Kevin Anderson handed Australian Open champion Stanislas Wawrinka his first defeat of the year on Wednesday to reach the quarter-finals of the Indian Wells ATP Masters.
South Africa’s Anderson beat Wawrinka 7-6 (7/1), 4-6, 6-1 to end Wawrinka’s run of 13 straight match wins to open 2014, which included a title run in Chennai before his maiden Grand Slam triumph in Melbourne.
“I knew it’s going to happen,” Wawrinka said. “I’m not going to keep winning every tournament.”
Two-time Grand Slam champion Andy Murray of Britain was another fourth-round casualty, falling 4-6, 7-5, 6-3 to big-serving Canadian Milos Raonic.
However, second-seeded Novak Djokovic turned back the challenge of in-form Croatian Marin Cilic, rallying for a 1-6, 6-2, 6-3 victory.
“It was very tough,” Djokovic said. “Marin was by far the better player the first 45 minutes. He was striking the ball incredibly well.
“I just tried to stay calm and composed and believe that I could come back,” added Djokovic, who posted his eighth victory over Cilic in as many meetings.
Djokovic next faces Frenchman Julien Benneteau, who beat Spain’s Feliciano Lopez 6-3, 7-6 (7/4).
Wawrinka’s exit ended the possibility of an all-Swiss quarter-final between him and Roger Federer.
Instead, Anderson will face Federer, a four-time champion in the California desert who edged German veteran Tommy Haas 6-4, 6-4.
Wawrinka fought back from an early break in the second set force a third, but said he never really felt comfortable.
“It took me a lot of energy to come back here, to practice well, to win the first two matches,” said Wawrinka, who had not played an ATP tournament since the Australian Open. “Mentally, I wasn’t ready.”
Anderson, who had lost three prior matches against Wawrinka, said he adopted an aggressive strategy based on their most recent meeting — when Wawrinka beat him in three sets in Shanghai last year.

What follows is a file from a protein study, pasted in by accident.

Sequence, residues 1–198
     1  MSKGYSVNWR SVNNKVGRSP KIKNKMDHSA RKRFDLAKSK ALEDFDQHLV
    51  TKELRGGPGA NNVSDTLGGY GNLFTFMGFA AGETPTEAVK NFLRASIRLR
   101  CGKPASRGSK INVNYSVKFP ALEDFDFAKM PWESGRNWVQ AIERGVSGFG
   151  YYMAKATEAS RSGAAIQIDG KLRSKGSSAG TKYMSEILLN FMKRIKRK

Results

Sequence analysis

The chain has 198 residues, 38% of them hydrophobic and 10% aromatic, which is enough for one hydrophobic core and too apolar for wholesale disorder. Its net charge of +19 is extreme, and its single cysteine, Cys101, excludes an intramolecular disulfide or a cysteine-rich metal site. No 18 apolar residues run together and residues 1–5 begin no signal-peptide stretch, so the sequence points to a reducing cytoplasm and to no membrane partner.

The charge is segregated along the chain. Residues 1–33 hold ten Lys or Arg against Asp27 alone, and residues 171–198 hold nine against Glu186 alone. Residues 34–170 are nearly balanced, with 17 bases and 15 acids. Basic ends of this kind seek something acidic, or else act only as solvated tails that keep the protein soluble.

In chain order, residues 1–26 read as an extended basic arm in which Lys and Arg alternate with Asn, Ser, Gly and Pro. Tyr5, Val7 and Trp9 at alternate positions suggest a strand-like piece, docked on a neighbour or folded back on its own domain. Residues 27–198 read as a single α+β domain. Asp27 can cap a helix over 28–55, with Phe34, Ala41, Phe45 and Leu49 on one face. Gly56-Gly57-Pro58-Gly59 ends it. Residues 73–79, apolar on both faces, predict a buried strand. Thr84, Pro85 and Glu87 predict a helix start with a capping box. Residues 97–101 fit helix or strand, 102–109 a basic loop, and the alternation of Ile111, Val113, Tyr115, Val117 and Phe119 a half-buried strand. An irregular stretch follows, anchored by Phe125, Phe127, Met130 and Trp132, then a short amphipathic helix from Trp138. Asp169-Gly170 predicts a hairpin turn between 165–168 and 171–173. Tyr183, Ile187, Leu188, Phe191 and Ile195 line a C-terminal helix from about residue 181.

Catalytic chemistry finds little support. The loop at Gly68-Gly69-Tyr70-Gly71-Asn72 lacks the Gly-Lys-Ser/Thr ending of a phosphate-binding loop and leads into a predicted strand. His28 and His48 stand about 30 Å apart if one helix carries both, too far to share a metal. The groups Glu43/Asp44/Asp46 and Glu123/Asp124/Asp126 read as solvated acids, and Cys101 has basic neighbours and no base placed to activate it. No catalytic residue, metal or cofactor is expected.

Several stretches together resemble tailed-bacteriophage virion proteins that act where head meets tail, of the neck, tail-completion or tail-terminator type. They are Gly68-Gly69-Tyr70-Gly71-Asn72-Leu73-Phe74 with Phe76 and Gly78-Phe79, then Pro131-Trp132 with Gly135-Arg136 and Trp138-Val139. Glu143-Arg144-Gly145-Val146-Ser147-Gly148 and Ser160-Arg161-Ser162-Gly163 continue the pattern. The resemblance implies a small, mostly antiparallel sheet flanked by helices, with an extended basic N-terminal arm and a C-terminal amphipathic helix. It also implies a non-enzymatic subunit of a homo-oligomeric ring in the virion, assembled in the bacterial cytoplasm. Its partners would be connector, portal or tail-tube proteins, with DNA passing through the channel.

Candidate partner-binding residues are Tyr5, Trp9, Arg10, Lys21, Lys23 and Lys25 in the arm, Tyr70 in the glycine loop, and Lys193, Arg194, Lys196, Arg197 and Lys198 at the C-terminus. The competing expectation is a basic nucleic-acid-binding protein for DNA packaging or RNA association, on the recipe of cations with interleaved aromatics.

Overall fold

“We had a really close match,” Anderson said. “I lost in a third set breaker. Just taking what I could from that match, one of the things was to try to be as aggressive as I can when possible.”
Like Wawrinka, Murray left feeling dissatisfied with himself.
He broke the mighty Raonic serve for a 2-1 lead in the third set, then his game deserted him.
“The third set was just a bad, bad set of tennis,” said Murray, who has yet to reach a final since having back surgery in September last year. “That’s what’s disappointing for me, because the rest of the match was OK.”
After gaining the advantage in the third, Murray was immediately broken at love, and Raonic broke him again for a 4-2 lead he would not surrender.
“I think his mistakes were critical that he made in that first break I got,” Raonic said. “But then I felt like I sort of got going a bit more after that.”
Raonic set up a quarter-final clash with Alexandr Dolgopolov. The 28th-seeded Ukrainian showed no sign of a let-down after his third-round ouster of world No. 1 Rafael Nadal, beating Italian Fabio Fognini 6-2, 6-4.
Raonic was not surprised to find himself facing world No. 31 Dolgopolov from a quarter of the draw that included both Nadal and Murray.
He said Wawrinka’s Grand Slam breakthrough in Melbourne had shown players like himself and Dolgopolov that the game’s biggest names — Nadal, Djokovic, Federer and Murray — were indeed beatable.
“I think everybody sort of in that top-10 range, also a little bit outside trying to break through, took a deep breath and said, ‘Why can’t that be me?’” Raonic said.
Raonic and Anderson, both known for their big serves, said the desert hardcourts are also ideally suited to their games, a belief echoed by American John Isner.
“For guys that are big, it’s a perfect surface for us,” said Isner, who beat Spain’s Fernando Verdasco 7-6 (7/3), 3-6, 6-3 and will face Latvia’s Ernests Gulbis in the quarters. “I don’t think it’s any surprise that myself, Milos, and Kevin are all still alive in this tournament.”